Luke Driver is the career and technical education curriculum coordinator at the Academy for Career Exploration in Providence, a public charter school with a focus on tech skills training and competency-based learning.
Driver, along with ACE Principal Mario F. Cirillo, spoke with Providence Business News about ACE’s unique model for modern tech education and how their curriculum intends to prepare students for the jobs of tomorrow.
PBN: How does ACE balance classroom learning and practical application?
DRIVER: Practical application is in fact part of the sequence of learning. It is a key element in how learning happens in the brain. At ACE we use the Revised Bloom’s Taxonomy, a respected measure of cognitive complexity, which provides six levels of thinking while learning. These range from simple to complex: remembering, understanding, applying, analyzing, evaluating and creating.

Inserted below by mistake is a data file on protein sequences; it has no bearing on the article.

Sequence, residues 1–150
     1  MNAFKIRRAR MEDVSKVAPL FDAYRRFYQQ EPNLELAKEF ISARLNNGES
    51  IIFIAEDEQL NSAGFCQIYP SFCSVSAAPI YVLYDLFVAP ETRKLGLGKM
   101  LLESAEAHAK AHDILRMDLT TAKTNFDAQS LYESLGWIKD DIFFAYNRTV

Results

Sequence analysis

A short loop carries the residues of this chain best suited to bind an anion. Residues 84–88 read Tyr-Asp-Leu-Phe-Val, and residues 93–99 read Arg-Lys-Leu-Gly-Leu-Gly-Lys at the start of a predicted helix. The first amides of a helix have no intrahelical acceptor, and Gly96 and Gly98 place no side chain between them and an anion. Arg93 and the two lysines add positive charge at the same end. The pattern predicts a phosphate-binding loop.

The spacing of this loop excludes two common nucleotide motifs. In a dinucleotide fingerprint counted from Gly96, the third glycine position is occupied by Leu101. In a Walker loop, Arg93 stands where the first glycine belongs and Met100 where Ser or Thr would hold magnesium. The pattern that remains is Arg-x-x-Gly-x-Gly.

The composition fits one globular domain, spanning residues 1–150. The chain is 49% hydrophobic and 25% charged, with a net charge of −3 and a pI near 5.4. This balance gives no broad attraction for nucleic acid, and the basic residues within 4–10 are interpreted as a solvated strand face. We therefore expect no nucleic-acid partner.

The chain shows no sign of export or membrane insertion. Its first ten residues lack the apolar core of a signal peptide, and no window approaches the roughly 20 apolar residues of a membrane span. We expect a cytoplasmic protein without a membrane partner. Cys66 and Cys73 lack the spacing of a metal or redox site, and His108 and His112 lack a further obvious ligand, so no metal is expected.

Employers will recognize that today’s workplace demands proficiency in all six thinking levels, and values employees who can think nimbly, moving among these cognitive levels as situations demand. Entrepreneurs think this way. They know how to learn, become self-directed in their learning and are able to “think on their feet” in unfamiliar situations. We are finding that our students, even ninth-graders, are capable of performing at these levels.
PBN: What does “competency-based learning” mean…
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